Mosquito Creek Watershed in North Vancouver is a unique natural retreat nestled within a large urban footprint. The area is a popular retreat for hiking, mountain biking, and walking, and leads directly to the Trans Canada Trail, the longest hiking trail in the country. Due to its proximity to the City of North Vancouver, however, the water quality of the creek is compromised from non-point source pollution as stormwater is discharged from adjacent residential, commercial, and industrial developments. Despite pollution, the creek still supports fish and wildlife including deer, otters, salmon, and trout, and their survival is dependent on the efforts of volunteers who expend many hours to preserve and clean their habitat. Recognizing the need to protect it from further pollution, the City also requires developments in areas that drain directly to the creek to work toward treating stormwater runoff on site.
Remix Condiminum development was constructed in Spring of 2013, hosting 60 apartments atop ground floor retail space on West 14th Street between Bewicke Avenue and Mosquito Creek Lane in the City of North Vancouver. Sidewalk and road surface runoff coming off the condo area drains directly into Mosquito Creek via the downstream catch basin drain on the property. Without treatment, the stormwater runoff would carry harmful pollutants directly into the creek. The team at Vector Engineering was responsible for the stormwater design of the site, and in light of the stormwater treatment guideline, the City’s requirement that street trees receive a minimum of 10 m3 (353 ft3) of soil each, and the developer’s green goals, saw that green infrastructure could be a viable design solution to satisfy the needs of each.
Vector wanted to design a tree and lawn area between the curb and the sidewalk to serve as a bioretention swale to slow down and treat stormwater runoff prior to entering Mosquito Creek. However, the street parking on one side of this area and the condominium and retail space on the other side meant that there would be frequent foot traffic across the lawn. The City, concerned that the lawn would settle and/or create a muddy trip hazard if it were used for bioretention, would not allow this design without some modification.
To eliminate the possibility of ponding and soil settling while still maintaining open bioretention, Vector had the idea to use Silva Cells under the tree lawn where four new trees would be planted. The Silva Cells provide void space for soil and stormwater treatment, as they are designed to do, but instead of being topped with aggregate and paving, the system is topped by additional soil that creates the tree lawn. The structure of the Silva Cells prevents soil settling while allowing an open, pedestrian-friendly design aboveground. By removing the chance of settlement, pedestrians have a standard, safe, flat tree lawn to cross – and the City and development have all the benefits of a bioretention swale.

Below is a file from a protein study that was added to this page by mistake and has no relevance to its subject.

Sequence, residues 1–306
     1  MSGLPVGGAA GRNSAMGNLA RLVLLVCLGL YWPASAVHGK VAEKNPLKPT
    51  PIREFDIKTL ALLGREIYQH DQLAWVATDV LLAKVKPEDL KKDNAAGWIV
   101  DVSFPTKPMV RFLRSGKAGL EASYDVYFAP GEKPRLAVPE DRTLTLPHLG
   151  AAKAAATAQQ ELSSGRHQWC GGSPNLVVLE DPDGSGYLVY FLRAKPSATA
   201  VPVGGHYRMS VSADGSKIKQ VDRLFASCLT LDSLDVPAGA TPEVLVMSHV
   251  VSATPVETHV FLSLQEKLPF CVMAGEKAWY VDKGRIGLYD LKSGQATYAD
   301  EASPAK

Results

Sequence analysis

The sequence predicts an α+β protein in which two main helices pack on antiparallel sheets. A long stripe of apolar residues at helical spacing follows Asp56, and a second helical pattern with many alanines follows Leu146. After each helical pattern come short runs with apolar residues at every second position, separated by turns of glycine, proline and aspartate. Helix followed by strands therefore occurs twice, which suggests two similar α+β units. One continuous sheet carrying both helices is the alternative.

Silva Cells were installed in a two layer system under the tree lawn and extend to the edges of the lawn. 300mm (one foot) of top soil and sod was added above the decks, where paving would normally go. The 300mm of top soil on top of the decks, as well as the extension of the Silva Cell footprint to the edges of the lawn, minimizes soil settlement. Water is collected from the street in a catch basin and then runs into the Silva Cells through a distribution pipe to ensure that it reaches the entire soil column, where it is treated and the flow rate is reduced. As the water moves through the soil column, it is cleaned and nitrogen, phosphorous, and other pollutants are removed. A drain line at the bottom of the Cells takes the excess water to the downstream catch basin, which then drains into the Mosquito Creek. The site has a total catchment area of 350 m2 (3,767 ft2).
At the surface, the site looks like a normal tree lawn that is easily accessible to foot traffic. Below ground, the “swale” portion of the design removes pollutants and improves water quality, making it safe for the excess water to drain into the Mosquito Creek habitat and watershed. Residents of the Remix development and visitors to the retail area alike can stroll easily and safely across the tree lawn while, unbeknownst to them, bioretention is happening below. This innovative technique of on-site stormwater management adds to the high standard of energy conservation that Remix promises to their residents through other features such as energy efficient windows and appliances and other in-unit green design amenities. As one of five recent projects in North Vancouver that use the Silva Cell system to manage stormwater on-site, the Remix development demonstrates not only how private owners and cities can work together to meet shared development goals, but reveals that there are new areas where stormwater can be treated without giving up pedestrian friendly grass areas.
Average soil volume per tree: 16.28 m3 (575 ft3)
Number of Trees: 4
Total Silva Cells: 120 decks, 230 frames
Installation Date: October 2013 and April 2014
Installation type: Integrated – Trees & Stormwater
Project Site: Streetscape
Project Designer: Vector Engineering
Contractors: Anderson Creek Site Development
Cost per cubic foot?
The cost per cubic foot as a function of the product (Silva Cell) only is approximately $11.93
Thanks for writing in!
Seems like a no brainer to me for $11.93 a sq. To bad more communities didnt put in the effort. You would never know what lies below.
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